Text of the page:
Biblical Commentary on the Old Testament, by Carl Friedrich Keil and Franz Delitzsh, [1857-78], at sacred-texts.com
Israel's Bulwark against Temptation to Apostasy
The favourite word Israel furnished the outward occasion for annexing this Psalm to the preceding. The situation is like that in Psa 123:1-4 and Psa 124:1-8. The people are under foreign dominion. In this lies the seductive inducement to apostasy. The pious and the apostate ones are already separated. Those who have remained faithful shall not, however, always remain enslaved. Round about Jerusalem are mountains, but more important still: Jahve, of rocks the firmest, Jahve encompasses His people.
That this Psalm is one of the latest, appears from the circumstantial expression "the upright in their hearts," instead of the old one, "the upright of heart," from פעלי האון instead of the former פעלי און, and also from למען לא (beside this passage occurring only in Psa 119:11, Psa 119:80; Eze 19:9; Eze 26:20; Zac 12:7) instead of למען אשׁר לא or פּן.
The stedfastness which those who trust in Jahve prove in the midst of every kind of temptation and assault is likened to Mount Zion, because the God to whom they believingly cling is He who sits enthroned on Zion. The future ישׁב signifies: He sits and will sit, that is to say, He continues to sit, cf. Psa 9:8; Psa 122:5. Older expositors are of opinion that the heavenly Zion must be understood on account of the Chaldaean and the Roman catastrophes; but these, in fact, only came upon the buildings on the mountain, not upon the mountain itself, which in itself and according to its appointed destiny (vid., Mic 3:12; Mic 4:1) remained unshaken. in Psa 125:2 also it is none other than the earthly Jerusalem that is meant. The holy city has a natural circumvallation of mountains, and the holy nation that dwells and worships therein has a still infinitely higher defence in Jahve, who encompasses it round (vid., on Psa 34:8), as perhaps a wall of fire (Zac 2:5), or an impassably broad and mighty river (Isa 33:21); a statement which is also now confirmed, for, etc. Instead of inferring from the clause Psa 125:2 that which is to be expected with לכן, the poet confirms it with כי by that which is surely to be expected.
The pressure of the worldly power, which now lies heavily upon the holy land, will not last for ever; the duration of the calamity is exactly proportioned to the power of resistance of the righteous, whom God proves and purifies by calamity, but not without at the same time graciously preserving them. "The rod of wickedness" is the heathen sceptre, and "the righteous" are the Israelites who hold fast to the religion of their fathers. The holy land, whose sole entitled inheritors are these righteous, is called their "lot" (גורל, κλῆρος = κληρονομία). נוּח signifies to alight or settle down anywhere, and having alighted, to lean upon or rest (cf. Isa 11:2 with Joh 1:32, ἔμεινεν). The lxx renders οὐκ ἀφφήσει, i.e., לא ינּיח (cf. on the other hand יניח, He shall let down, cause to come down, in Isa 30:32). Not for a continuance shall the sceptre of heathen tyranny rest upon the holy land, God will not suffer that: in order that the righteous may not at length, by virtue of the power which pressure and use exercises over men, also participate in the prevailing ungodly doings. שׁלח with Beth: to seize upon anything wrongfully, or even only (as in Job 28:9) to lay one's hand upon anything (frequently with על). As here in the case of עולתה, in Psa 80:3 too the form that is the same as the locative is combined with a preposition.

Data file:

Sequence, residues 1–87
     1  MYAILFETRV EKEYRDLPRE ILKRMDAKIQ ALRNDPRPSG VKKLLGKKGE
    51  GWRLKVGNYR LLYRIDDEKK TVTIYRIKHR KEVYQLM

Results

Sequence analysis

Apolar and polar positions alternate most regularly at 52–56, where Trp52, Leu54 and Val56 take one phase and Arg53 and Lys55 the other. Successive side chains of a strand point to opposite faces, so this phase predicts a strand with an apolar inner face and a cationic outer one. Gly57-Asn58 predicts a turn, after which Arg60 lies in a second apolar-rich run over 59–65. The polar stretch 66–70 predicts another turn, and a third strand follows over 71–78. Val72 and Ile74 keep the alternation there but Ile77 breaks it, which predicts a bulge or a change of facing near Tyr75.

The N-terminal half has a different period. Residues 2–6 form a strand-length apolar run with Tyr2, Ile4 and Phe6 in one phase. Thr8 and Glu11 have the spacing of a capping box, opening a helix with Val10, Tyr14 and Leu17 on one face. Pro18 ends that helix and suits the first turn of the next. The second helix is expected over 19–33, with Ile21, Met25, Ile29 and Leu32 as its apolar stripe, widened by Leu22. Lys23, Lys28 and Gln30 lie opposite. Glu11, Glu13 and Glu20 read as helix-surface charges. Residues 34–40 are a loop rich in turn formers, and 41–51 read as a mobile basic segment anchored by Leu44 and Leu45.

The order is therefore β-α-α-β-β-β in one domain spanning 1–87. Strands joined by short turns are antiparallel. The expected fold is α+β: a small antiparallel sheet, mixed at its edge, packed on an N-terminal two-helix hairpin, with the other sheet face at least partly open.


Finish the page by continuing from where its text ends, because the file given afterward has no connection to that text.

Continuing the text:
On the ground of the strong faith in Psa 125:1. and of the confident hope in Psa 125:3, the petition now arises that Jahve would speedily bestow the earnestly desired blessing of freedom upon the faithful ones, and on the other hand remove the cowardly lit. those afraid to confess God and those who have fellowship with apostasy, together with the declared wicked ones, out of the way. For such is the meaning of Psa 125:4. טובים (in Proverbs alternating with the "righteous," Pro 2:20, the opposite being the "wicked," רשׁעים, Pro 14:19) are here those who truly believe and rightly act in accordance with the good will of God,
(Note: The Midrash here calls to mind a Talmudic riddle: There came a good one (Moses, Exo 2:2) and received a good thing (the Tra, Pro 4:2) from the good One (God, Psa 145:9) for the good ones (Israel, Psa 125:4).)
or, as the parallel member of the verse explains (where לישׁרים did not require the article on account of the addition), those who in the bottom of their heart are uprightly disposed, as God desires to have it. The poet supplicates good for them, viz., preservation against denying God and deliverance out of slavery; for those, on the contrary, who bend (הטּה) their crooked paths, i.e., turn aside their paths in a crooked direction from the right way (עקלקלּותם, cf. Jdg 5:6, no less than in Amo 2:7; Pro 17:23, an accusative of the object, which is more natural than that it is the accusative of the direction, after Num 22:23 extrem., cf. Job 23:11; Isa 30:11) - for these he wishes that Jahve would clear them away (הוליך like Arab. ahlk, perire facere = perdere) together with the workers of evil, i.e., the open, manifest sinners, to whom these lukewarm and sly, false and equivocal ones are in no way inferior as a source of danger to the church. lxx correctly: τοὺς δὲ ἐκκλίνοντας εἰς τάς στραγγαλιὰς (Aquila διαπλοκάς, Symmachus σκολιότητας, Theodotion διεστραμμένα) ἀπάξει κύριος μετὰ κ. τ. λ.. Finally, the poet, stretching out his hand over Israel as if pronouncing the benediction of the priest, gathers up all his hopes, prayers, and wishes into the one prayer: "Peace be upon Israel." He means "the Israel of God," Gal 6:16. Upon this Israel he calls down peace from above. Peace is the end of tyranny, hostility, dismemberment, unrest, and terror; peace is freedom and harmony and unity and security and blessedness.